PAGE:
Mental Health

Body Dysmorphic Disorder: Symptoms, Causes, and Treatment

You may have heard of body dysmorphic disorder (BDD), but in a limited context. Many times, the term is thought to refer to people with eating disorders. However, the mental health disorder extends well beyond perception of weight, and more commonly affects your perception about one of more of your features.

Body dysmorphic disorder causes you to believe you have a perceived flaw in your appearance, whether it’s your size, your proportions, or even a body part that you’re ashamed about. While others may not notice your “flaw” at all, you become convinced it’s all people can see. Let’s explore 12 things to know about the disorder…

1. You’re Preoccupied With a Certain Feature

The Mayo Clinic explains that body dysmorphic disorder can commonly cause people to fixate on facial features such as their nose, as well as facial acne and wrinkles. It can also make people overly aware of their hairline and balding. However, it can extend beyond that.

BDD can also cause you to become overly concerned about your skin (including your skin tone), veins, breast size, and even your genitalia, explains the source. Muscle size can also be a factor, and it has its own category called muscle dysmorphia that affects males almost exclusively, adds the source.

2. The Body Part of Concern Can Change

While you might be very self-conscious about your nose at one point, that can shift to another feature such as your ears over time. The Mayo Clinic adds that BDD can be a moving target, drawing your attention to different features at different times.

The source also explains that you might be fixated on more than one body part at a time. These fixations can range from anything including facial to body features, it adds.

3. It’s Not Always Tied To Eating Disorders

VeryWell Mind points out while there’s some crossover between eating disorders such as anorexia (which is defined by limiting food and fear of gaining weight) and body dysmorphic disorders, they’re actually not the same thing.

Those with eating disorders are still concerned about how they are seen by others, but it mostly focuses on size and shape, says the source. Meanwhile, those with body dysmorphic disorder aren’t always fixated on their size: many tend to focus in on a feature such as their nose, for example. The source points out that only about 12-percent of those with body dysmorphic disorder also have an eating disorder.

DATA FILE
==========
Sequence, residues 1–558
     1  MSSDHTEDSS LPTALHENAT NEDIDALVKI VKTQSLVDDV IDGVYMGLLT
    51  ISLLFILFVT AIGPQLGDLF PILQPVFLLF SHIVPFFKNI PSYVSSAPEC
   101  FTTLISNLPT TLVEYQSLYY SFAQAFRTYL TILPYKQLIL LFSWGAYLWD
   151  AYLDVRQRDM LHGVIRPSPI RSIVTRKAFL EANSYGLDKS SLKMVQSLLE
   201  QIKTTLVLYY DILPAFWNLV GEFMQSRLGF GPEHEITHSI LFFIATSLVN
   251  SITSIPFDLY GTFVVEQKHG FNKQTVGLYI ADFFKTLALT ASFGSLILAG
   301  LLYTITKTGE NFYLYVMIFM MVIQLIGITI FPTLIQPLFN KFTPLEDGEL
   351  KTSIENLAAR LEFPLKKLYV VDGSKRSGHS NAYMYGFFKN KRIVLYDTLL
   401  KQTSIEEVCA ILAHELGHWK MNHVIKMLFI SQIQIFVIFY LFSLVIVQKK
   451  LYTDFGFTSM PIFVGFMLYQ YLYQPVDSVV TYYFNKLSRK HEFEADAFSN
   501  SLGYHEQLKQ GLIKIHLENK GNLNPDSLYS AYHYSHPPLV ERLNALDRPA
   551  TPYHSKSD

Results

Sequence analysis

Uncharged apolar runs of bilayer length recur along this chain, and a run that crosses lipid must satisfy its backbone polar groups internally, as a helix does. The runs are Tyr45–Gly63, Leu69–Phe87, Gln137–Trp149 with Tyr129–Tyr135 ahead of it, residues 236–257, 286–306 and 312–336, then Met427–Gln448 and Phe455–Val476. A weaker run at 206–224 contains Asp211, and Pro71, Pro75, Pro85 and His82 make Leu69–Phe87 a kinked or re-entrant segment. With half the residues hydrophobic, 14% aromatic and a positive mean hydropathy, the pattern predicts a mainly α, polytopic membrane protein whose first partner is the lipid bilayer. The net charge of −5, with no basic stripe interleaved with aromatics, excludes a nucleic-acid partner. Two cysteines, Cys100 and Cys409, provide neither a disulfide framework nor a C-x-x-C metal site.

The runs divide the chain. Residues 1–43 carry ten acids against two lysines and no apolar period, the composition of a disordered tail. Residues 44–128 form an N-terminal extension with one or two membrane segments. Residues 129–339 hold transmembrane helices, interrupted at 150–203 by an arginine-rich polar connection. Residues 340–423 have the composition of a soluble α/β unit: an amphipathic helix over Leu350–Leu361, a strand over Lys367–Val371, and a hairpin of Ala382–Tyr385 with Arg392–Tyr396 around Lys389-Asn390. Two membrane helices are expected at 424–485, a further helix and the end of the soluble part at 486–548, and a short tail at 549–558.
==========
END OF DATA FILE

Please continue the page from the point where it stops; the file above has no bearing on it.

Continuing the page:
4. The Thoughts Interfere With Your Normal Functioning

Some people may look in the mirror and think they’d like to improve a feature or two, but leave it at that. If you have body dysmorphic disorder, these types of thoughts are more intrusive, notes the Mayo Clinic. Sources points out that the negative thoughts can last a few hours, or an entire day.

The clinic explains that thoughts about your appearance can become repetitive and time-consuming to the point of disrupting your work and social life. The behaviors to try and “hide” your flaw (which we’ll get to next) can get out of control and cause distress, it adds.

5. You Go Out Of Your Way To Hide Features

The Mayo Clinic explains that those with the disorder go out of their way to try to hide their perceived flaw. This can lead to excessive grooming, picking at your skin, and using makeup or clothing to try and cover up your features that you believe others are staring at.

In some cases, this behavior goes beyond using makeup to change your look: some people end up getting procedures such as plastic surgery to change a feature (such as their nose), but as other sources point out, this very rarely solves the problem and fails to help the person feel better about their appearance. You may also waste a lot of time staring in the mirror or seeking reassurance from others.

6. It Commonly Occurs With Other Mental Disorders

While BDD is a mental health disorder on its own, it may be accompanied by other anxiety disorders, explains the ADAA. The source says those with BDD commonly also suffer from social anxiety, as well as depression and eating disorders.

Because some of these conditions share common traits, BDD can sometimes be misdiagnosed, it adds. For example, fixating on a body part can be confused with obsessive compulsive disorder (OCD), it explains. However, those with BDD will engage in thoughts and behaviors that specifically relate to their appearance, it adds.